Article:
We've all heard the admonition: If you get a tattoo -- if you desecrate your body in this way -- you will not be able to be buried in a Jewish cemetery. Such phrases filled Jewish childhoods in mid-20th century America; and yet, who would have imagined way back then that this standard parental admonition would provide the lead for a story in The New York Times, even if it was in the hip, looser Style section? It did happen on July 17 -- but the minute the supposed edict was stated, it was immediately refuted.
"The eight rabbinical scholars interviewed for this article," wrote reporter Kate Torgovnick, "from institutions like the Jewish Theological Seminary and Yeshiva University, said it's an urban legend, most likely started because a specific cemetery had a policy against tattoos. Jewish parents and grandparents picked up on it and over time, their distaste for tattoos was presented as scriptural doctrine."
The article spoke with various members of a family -- Roberta Kaplan, her daughter and granddaughters -- and looked at how the generations worked out the problem of whether to be tattooed or not. At first, Nicki Carnes, a granddaughter, said she listened to her parental units and feared that if she even went near a tattoo parlor, she'd never make it to heaven. But then, as she matured, she did some research. She spoke to rabbis and found out that each one thought differently.
Wrote Torgovnick: "By the time, three years ago, she had an abstract rendering of her cat tattooed on her wrist, she wasn't sure she was in the wrong. After all, she had figured out on her own what has yet to become commonly known among Jews: that rabbis disagree just how bad it is to get inked.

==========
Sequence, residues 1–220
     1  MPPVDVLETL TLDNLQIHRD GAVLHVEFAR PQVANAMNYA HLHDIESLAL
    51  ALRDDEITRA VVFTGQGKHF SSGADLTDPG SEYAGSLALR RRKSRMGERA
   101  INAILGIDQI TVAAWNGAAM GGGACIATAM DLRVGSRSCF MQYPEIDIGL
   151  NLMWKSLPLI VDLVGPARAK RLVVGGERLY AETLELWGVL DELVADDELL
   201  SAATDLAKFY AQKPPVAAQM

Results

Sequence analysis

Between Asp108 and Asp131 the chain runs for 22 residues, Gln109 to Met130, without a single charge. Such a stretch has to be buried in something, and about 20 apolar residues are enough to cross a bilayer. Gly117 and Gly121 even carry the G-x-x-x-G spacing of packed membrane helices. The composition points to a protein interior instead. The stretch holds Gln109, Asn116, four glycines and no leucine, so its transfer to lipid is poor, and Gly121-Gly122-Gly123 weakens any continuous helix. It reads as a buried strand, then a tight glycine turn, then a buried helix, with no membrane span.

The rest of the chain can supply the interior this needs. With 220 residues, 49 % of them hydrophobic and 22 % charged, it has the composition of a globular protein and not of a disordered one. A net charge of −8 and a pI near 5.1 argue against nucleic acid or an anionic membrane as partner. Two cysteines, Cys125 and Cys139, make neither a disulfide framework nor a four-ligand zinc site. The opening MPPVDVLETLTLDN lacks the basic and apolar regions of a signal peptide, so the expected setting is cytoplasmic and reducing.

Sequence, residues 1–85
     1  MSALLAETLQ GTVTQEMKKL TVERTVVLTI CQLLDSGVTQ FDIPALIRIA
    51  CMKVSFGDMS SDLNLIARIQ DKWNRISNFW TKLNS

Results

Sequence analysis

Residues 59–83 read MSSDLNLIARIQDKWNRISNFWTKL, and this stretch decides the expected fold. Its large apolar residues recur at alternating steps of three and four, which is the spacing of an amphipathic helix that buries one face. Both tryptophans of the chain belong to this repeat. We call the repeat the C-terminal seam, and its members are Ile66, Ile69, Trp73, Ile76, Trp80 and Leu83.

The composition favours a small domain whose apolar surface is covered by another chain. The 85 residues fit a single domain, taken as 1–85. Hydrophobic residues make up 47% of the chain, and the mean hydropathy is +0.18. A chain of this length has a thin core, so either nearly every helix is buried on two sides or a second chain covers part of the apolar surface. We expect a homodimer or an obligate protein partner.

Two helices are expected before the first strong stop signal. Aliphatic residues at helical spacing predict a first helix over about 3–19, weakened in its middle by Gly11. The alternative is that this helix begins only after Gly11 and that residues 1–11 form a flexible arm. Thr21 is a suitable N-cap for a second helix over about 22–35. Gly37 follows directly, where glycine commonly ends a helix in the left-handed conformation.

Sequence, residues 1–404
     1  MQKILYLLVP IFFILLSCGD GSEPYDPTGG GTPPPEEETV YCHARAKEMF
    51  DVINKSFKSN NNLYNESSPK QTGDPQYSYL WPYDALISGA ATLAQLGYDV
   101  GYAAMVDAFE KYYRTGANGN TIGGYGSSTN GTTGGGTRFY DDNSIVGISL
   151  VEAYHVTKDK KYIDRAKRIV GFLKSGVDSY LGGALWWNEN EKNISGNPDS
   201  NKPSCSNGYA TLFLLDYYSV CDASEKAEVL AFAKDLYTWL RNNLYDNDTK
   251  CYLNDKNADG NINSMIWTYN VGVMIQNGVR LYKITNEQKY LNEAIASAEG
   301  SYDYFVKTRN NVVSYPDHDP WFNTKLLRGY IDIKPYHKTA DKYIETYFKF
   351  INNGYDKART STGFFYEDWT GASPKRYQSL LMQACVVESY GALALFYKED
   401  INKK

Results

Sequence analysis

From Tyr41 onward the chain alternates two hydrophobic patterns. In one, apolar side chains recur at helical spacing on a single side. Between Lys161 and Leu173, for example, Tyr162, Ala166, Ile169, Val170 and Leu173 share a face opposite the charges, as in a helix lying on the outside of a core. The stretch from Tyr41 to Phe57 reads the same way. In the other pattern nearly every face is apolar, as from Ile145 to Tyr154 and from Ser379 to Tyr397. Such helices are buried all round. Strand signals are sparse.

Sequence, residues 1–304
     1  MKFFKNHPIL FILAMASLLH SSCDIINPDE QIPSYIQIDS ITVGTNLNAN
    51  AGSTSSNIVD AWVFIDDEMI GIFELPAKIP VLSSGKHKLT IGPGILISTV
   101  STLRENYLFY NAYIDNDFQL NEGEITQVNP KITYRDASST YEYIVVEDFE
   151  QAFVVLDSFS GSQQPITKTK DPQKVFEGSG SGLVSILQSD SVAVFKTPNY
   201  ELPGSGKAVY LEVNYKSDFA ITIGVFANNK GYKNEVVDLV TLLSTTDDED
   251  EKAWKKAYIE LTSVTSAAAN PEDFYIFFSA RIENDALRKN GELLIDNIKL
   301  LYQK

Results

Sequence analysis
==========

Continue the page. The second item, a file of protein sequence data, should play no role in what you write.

"Still, you try confronting your grandmother. Instead Nicki Carnes hid her abstract cat for months, until one day her sleeve rode up. 'My grandma grabbed my arm and just stared,' she said. 'She gave me that blank, "You broke my heart" look.' "
As Torgovnick pointed out, these old myths die hard, and many Jews in their 20s and 30s told the reporter that they've been criticized by other Jews, both relatives and strangers. "Some, like Nicki Carnes and her sister, Rebecca, who now also has a tattoo, say that being permanently marked was just something they wanted. Others say they were tattooed to rebel or, surprisingly, that they wanted a Jewish tattoo as a way of connecting with their religious and cultural identity."
Torgovnick then spoke about Andy Abrams, a filmmaker, who's spent five years making a documentary called "Tattoo Jew." Noted the reporter, "In his interviews with dozens of Jews with body art, he's noticed the prevalence of Jewish-themed tattoos -- from Stars of David to elaborate Holocaust memorials, surprising since one reason Jewish culture opposes tattoos is that Jews were involuntarily marked in concentration camps." The filmmaker said these people just want to connect with their roots or with God.
No doubt, it's a brave new world out there.